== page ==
|Publication number||US5457288 A|
|Application number||US 08/199,724|
|Publication date||Oct 10, 1995|
|Filing date||Feb 22, 1994|
|Priority date||Feb 22, 1994|
|Publication number||08199724, 199724, US 5457288 A, US 5457288A, US-A-5457288, US5457288 A, US5457288A|
|Inventors||Mark S. Olsson|
|Original Assignee||Olsson; Mark S.|
|Export Citation||BiBTeX, EndNote, RefMan|
|Patent Citations (13), Referenced by (39), Classifications (17), Legal Events (3)|
|External Links: USPTO, USPTO Assignment, Espacenet|
The present invention relates to electro-mechanical systems for inspecting the inside of pipes for defects and obstructions, and more particularly, to a push-cable for use in such a system that mechanically and electrically connects a video camera head to a push reel and video circuit.
There are many situations in which it is desirable to inspect the inside of a pipe which is already in place, either underground, in a building, or underwater. For example, pipes designed to carry high-pressure steam can be internally inspected to determine if there are any cracks in the welds. Sewer pipes or drain lines can similarly be internally inspected to determine whether or not there are any obstructions or degradations in couplings which prevent free flow of waste material. Frequently, pipes which are to be inspected have an internal diameter of six inches or less. It is sometimes necessary to inspect several hundred feet of pipe.
Over the years, video pipe inspection systems have been developed which typically include a camera which is forced down the interior of the pipe so that its internal walls can be inspected on a video display. Conventional video pipe inspection systems include a push-cable which provides an electro-mechanical connection between a rugged head enclosing the video camera and a rotatable push reel which is used to play out the cable and force the head down the pipe. Typically, the push-cable has a co-axial configuration. Both the relatively stiff mechanical portions of the cable and the electrical conductors thereof are arranged in a bundle having a substantially round cross-section. Problems arise because the cable must be sufficiently stiff in order that the head containing the video camera can be pushed hundreds of feet down the inside of a pipe. However, the cable must also be sufficiently flexible so that the video camera head can be forced through a number of tight turns which may include relatively sharp angles, such as ninety degrees. Also, because of the unitary construction of the push-cable typically used in conventional video pipe inspection systems, it is difficult to separate the mechanical and electrical connections in the video camera head in a reliable, efficient manner that will ensure against shorts and de-coupling during the substantial forces encountered during pushing and pulling.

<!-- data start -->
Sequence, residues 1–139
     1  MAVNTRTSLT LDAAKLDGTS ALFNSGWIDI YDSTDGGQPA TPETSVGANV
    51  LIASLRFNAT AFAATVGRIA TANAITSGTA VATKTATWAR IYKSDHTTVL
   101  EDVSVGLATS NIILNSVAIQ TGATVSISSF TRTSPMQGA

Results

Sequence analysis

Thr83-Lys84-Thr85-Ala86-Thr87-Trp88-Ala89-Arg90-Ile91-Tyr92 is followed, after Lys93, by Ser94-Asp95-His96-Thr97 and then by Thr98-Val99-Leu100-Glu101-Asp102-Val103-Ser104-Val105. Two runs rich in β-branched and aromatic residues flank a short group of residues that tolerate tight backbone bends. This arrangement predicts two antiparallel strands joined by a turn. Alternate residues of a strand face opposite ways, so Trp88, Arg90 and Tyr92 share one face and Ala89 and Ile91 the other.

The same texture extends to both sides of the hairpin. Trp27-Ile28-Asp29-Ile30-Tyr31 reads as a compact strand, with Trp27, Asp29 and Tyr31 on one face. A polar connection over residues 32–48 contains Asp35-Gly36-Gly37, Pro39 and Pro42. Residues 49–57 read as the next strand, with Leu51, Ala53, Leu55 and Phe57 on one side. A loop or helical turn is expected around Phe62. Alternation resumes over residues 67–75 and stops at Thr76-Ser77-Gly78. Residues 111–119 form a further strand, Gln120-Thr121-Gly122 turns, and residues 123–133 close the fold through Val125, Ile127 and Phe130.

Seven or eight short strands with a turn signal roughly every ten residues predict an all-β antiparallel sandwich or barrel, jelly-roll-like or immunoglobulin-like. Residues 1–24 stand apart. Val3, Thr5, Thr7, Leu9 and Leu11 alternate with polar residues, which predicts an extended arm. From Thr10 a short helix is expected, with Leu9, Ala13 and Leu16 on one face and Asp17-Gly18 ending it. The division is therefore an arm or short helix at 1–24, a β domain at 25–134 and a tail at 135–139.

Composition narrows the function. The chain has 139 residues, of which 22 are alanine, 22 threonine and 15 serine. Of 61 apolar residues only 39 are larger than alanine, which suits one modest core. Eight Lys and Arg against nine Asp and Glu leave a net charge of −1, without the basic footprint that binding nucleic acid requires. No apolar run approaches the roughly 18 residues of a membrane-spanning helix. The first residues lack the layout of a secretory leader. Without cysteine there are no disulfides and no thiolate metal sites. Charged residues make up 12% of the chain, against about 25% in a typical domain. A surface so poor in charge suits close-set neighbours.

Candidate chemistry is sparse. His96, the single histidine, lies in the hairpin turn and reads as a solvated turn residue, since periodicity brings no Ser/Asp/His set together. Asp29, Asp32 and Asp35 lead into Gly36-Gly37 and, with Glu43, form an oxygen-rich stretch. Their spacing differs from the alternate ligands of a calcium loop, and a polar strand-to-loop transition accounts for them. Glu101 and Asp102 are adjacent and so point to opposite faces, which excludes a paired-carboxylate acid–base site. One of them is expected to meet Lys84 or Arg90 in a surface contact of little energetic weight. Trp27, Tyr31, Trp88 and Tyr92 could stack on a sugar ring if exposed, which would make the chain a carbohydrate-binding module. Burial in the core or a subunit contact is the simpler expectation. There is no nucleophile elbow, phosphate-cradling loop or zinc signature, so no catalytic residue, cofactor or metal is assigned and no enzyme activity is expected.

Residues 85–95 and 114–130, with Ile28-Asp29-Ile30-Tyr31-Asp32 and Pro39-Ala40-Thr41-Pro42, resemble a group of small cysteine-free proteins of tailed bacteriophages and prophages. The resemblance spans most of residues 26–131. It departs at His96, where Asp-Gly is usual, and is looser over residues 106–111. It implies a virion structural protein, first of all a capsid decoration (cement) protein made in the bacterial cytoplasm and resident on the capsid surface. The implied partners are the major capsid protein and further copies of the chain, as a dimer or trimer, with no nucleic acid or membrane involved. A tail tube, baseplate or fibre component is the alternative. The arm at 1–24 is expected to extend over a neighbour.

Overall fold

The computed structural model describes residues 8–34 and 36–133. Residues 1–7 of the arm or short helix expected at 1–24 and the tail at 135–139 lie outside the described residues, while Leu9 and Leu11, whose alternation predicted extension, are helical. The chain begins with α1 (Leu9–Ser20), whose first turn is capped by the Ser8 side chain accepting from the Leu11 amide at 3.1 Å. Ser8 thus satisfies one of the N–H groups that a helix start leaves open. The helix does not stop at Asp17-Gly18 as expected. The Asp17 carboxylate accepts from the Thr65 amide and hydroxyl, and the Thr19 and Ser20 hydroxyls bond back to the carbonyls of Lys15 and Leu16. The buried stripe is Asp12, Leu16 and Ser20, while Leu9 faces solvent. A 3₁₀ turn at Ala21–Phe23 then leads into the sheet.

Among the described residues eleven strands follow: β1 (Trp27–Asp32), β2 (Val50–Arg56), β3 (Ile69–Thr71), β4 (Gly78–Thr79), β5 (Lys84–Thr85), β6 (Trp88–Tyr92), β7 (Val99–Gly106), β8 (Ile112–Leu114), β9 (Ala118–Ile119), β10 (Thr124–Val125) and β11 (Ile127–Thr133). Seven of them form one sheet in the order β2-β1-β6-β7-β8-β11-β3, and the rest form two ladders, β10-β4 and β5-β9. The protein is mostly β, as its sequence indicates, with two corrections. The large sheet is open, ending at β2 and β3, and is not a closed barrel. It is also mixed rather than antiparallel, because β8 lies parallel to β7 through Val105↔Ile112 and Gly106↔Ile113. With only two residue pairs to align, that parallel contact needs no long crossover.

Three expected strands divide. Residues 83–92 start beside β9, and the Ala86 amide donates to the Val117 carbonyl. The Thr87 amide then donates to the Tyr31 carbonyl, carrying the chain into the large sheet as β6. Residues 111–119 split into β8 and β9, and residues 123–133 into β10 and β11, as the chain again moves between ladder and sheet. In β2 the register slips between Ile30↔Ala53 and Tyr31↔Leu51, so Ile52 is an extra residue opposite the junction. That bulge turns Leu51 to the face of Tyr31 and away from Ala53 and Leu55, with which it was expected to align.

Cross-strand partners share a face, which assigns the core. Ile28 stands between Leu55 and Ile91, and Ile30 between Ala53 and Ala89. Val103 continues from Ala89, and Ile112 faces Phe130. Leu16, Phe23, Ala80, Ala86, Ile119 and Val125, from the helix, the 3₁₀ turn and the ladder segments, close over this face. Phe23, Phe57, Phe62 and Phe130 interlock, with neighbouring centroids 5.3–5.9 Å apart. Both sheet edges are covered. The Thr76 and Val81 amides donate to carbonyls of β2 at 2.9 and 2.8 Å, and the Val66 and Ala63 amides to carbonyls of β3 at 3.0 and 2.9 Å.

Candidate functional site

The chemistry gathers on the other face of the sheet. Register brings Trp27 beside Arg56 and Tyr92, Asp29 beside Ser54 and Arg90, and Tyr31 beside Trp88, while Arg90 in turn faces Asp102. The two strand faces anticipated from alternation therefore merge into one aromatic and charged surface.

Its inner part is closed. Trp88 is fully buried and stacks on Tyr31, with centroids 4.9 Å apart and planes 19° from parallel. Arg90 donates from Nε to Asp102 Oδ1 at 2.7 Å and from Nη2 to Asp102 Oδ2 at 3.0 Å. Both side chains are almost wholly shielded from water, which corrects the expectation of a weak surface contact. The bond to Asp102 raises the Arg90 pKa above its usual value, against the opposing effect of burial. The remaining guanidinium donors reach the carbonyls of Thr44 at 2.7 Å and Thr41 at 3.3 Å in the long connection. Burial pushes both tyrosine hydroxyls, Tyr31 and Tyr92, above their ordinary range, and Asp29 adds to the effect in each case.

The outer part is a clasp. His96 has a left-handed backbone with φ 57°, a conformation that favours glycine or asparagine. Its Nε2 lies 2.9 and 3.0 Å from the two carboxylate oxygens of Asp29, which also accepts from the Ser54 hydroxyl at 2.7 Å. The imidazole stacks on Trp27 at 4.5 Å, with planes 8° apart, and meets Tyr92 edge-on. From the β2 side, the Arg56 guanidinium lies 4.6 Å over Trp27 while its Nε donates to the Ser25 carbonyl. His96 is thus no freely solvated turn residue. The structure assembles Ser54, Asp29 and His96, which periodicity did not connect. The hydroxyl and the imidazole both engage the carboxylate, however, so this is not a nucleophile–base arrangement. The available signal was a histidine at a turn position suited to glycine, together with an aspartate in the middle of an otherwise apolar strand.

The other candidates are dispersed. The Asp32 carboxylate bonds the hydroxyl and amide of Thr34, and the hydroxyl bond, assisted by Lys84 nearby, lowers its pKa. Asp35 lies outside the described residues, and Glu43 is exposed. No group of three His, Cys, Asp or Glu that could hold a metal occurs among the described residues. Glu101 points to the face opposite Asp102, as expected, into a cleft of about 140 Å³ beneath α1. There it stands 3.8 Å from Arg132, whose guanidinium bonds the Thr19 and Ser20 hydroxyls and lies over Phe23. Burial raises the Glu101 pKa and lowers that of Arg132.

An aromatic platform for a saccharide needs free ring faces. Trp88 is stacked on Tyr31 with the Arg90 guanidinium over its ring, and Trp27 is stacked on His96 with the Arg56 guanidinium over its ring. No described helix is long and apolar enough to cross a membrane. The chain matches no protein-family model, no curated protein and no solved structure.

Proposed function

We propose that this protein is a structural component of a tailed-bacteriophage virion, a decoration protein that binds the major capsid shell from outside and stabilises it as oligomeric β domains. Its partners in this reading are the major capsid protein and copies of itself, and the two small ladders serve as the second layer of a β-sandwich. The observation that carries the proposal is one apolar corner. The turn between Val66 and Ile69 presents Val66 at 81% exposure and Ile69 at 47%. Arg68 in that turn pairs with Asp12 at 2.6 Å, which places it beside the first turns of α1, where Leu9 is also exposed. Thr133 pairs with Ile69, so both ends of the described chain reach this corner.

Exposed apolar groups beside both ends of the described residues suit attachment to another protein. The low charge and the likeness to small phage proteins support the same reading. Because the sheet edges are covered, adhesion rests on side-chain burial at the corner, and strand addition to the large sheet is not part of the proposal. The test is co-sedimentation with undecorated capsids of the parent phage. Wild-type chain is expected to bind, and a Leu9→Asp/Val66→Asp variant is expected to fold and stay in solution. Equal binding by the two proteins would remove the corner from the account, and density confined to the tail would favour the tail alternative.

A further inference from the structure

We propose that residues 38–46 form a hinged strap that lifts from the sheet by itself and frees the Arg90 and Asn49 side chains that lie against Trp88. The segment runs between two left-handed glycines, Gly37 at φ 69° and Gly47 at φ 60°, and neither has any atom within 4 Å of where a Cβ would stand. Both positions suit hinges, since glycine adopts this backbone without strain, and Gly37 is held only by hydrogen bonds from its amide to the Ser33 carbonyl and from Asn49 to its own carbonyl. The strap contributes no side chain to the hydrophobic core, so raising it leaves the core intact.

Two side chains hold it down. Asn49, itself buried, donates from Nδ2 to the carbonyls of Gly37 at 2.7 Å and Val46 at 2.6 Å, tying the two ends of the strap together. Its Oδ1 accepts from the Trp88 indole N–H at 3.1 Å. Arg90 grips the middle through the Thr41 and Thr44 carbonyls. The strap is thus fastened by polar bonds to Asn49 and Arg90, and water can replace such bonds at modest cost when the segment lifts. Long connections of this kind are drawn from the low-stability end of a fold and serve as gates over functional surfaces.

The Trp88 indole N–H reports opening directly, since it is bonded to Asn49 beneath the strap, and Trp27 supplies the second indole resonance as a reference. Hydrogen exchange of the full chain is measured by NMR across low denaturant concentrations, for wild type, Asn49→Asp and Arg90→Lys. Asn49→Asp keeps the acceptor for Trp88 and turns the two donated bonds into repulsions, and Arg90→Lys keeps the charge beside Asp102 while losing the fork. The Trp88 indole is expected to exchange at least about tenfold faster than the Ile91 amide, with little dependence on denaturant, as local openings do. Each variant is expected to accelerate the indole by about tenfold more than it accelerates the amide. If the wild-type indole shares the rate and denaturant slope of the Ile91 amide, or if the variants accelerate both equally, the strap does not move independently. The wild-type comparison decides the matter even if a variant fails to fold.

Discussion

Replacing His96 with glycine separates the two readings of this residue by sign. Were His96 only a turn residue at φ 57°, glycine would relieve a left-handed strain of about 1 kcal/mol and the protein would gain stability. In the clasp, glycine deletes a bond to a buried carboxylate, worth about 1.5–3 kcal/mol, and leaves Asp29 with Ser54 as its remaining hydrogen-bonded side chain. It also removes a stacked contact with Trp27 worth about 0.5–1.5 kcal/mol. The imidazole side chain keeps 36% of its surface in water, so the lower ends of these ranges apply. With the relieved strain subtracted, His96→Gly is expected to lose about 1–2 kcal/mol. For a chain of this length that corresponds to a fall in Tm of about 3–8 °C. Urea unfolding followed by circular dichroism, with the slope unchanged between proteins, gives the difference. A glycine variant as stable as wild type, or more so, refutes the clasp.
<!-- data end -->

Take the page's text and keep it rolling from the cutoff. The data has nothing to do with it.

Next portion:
It is therefore the primary object of the present invention to provide an improved push-cable for a video pipe inspection system.
According to the present invention a dual push-cable is provided for a video pipe inspection system of the type including a video camera head and a video circuit. The dual push-cable is specially adapted for mechanically and electrically connecting the video camera head to the video circuit to permit the head to negotiate turns in the pipe as the push-cable is forced down the pipe while permitting the video circuit to power and receive video signals from the video camera head. The push-cable comprises an elongate resilient flexible push member and an elongate signal transmitting cable. A hinge joins the push member and the signal transmitting cable in a substantially parallel, spaced apart, side-by-side relationship.
FIG. 1 is a diagrammatic view illustrating a video pipe inspection system equipped with a preferred embodiment of the dual push-cable of the present invention.
FIG. 2 is an enlarged cross-section of the preferred embodiment of the dual push-cable taken along line 2--2 of FIG. 3.
FIG. 3 is an enlarged fragmentary view of the preferred embodiment of the dual push-cable of the present invention illustrating further details of its construction.
FIG. 4 is an enlarged side elevation view, with portions broken away of a first connector for coupling to a forward, or distal, end of the preferred embodiment of the dual push-cable.
FIG. 5 is a diagrammatic view of a second connector coupling a rearward, or proximal, end of the preferred embodiment of the dual push-cable to a push reel hub.
The term "signal transmitting cable", as used herein, shall include cables with metal conductors for transmitting electric signals, cables with fiber optic filaments for transmitting optical signals, as well as hybrids of the aforementioned two types of signal transmitting cables.